Role of evolutionary information in predicting the disulfide-bonding state of cysteine in proteins

Proteins. 1999 Aug 15;36(3):340-6.


A neural network-based predictor is trained to distinguish the bonding states of cysteine in proteins starting from the residue chain. Training is performed by using 2,452 cysteine-containing segments extracted from 641 nonhomologous proteins of well-resolved three-dimensional structure. After a cross-validation procedure, efficiency of the prediction scores were as high as 72% when the predictor is trained by using protein single sequences. The addition of evolutionary information in the form of multiple sequence alignment and a jury of neural networks increases the prediction efficiency up to 81%. Assessment of the goodness of the prediction with a reliability index indicates that more than 60% of the predictions have an accuracy level greater than 90%. A comparison with a statistical method previously described and tested on the same database shows that the neural network-based predictor is performing with the highest efficiency. Proteins 1999;36:340-346.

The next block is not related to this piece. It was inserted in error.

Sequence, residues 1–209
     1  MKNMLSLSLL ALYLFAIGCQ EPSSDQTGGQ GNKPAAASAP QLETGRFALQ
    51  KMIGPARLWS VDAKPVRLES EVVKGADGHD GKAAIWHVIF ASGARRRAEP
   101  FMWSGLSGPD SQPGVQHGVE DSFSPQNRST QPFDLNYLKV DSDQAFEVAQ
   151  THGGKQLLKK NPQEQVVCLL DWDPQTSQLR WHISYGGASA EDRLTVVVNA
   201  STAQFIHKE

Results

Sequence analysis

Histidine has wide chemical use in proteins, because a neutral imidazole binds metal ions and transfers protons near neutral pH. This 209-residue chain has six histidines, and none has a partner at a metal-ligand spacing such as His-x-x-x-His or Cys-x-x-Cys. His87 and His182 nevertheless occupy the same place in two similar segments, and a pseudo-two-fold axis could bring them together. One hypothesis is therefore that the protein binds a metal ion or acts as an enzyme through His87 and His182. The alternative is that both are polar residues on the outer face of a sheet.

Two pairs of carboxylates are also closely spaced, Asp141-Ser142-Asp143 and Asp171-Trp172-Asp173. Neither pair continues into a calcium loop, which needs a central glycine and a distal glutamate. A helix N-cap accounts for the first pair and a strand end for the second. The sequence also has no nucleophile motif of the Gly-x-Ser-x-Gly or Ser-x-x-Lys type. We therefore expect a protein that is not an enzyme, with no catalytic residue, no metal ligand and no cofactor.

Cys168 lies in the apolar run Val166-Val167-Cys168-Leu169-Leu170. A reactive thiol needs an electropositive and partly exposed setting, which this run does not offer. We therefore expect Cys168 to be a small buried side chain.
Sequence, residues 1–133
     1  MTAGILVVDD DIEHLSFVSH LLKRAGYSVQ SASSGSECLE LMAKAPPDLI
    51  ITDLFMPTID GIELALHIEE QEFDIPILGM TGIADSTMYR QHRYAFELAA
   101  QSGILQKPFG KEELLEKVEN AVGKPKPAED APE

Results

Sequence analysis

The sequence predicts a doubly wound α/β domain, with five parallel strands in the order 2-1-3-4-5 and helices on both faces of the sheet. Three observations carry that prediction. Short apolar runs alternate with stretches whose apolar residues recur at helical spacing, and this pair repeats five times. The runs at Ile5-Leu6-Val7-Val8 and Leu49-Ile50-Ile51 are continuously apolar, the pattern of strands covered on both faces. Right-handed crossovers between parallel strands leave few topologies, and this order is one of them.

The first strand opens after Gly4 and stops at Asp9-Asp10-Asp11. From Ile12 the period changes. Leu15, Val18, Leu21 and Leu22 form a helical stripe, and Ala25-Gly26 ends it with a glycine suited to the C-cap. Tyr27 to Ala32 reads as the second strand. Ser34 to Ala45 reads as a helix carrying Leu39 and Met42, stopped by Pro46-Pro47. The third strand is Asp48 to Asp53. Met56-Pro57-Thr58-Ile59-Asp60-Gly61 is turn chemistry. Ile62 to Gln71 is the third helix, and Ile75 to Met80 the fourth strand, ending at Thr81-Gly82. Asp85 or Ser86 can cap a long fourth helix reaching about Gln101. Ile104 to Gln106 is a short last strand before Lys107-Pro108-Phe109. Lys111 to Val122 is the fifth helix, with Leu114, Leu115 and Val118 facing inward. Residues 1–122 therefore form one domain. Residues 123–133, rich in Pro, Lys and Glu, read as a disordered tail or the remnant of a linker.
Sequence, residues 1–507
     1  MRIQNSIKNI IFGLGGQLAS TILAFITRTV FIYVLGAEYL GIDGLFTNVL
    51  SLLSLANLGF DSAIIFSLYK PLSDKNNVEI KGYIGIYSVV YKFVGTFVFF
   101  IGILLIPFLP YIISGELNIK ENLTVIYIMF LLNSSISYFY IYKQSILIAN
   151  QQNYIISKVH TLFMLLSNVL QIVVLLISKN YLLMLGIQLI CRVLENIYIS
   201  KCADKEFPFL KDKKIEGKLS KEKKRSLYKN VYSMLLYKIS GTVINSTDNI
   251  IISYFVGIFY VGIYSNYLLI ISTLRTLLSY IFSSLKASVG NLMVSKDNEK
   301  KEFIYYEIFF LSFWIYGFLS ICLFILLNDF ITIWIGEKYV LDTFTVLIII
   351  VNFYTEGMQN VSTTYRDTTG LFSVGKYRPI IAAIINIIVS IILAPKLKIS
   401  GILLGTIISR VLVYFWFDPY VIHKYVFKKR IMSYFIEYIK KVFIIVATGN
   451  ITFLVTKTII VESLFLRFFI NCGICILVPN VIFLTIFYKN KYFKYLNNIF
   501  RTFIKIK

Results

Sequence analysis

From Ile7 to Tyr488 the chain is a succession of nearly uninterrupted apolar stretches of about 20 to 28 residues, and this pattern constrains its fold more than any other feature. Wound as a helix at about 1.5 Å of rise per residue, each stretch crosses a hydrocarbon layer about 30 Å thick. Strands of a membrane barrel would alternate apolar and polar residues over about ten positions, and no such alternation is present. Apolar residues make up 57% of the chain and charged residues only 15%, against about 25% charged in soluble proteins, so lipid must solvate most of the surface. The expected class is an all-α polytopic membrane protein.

Publication types

  • Comparative Study
  • Research Support, Non-U.S. Gov't

MeSH terms

  • Binding Sites
  • Biological Evolution
  • Cysteine / chemistry*
  • Databases, Factual
  • Disulfides / chemistry
  • Neural Networks, Computer
  • Proteins / chemistry*


  • Disulfides
  • Proteins
  • Cysteine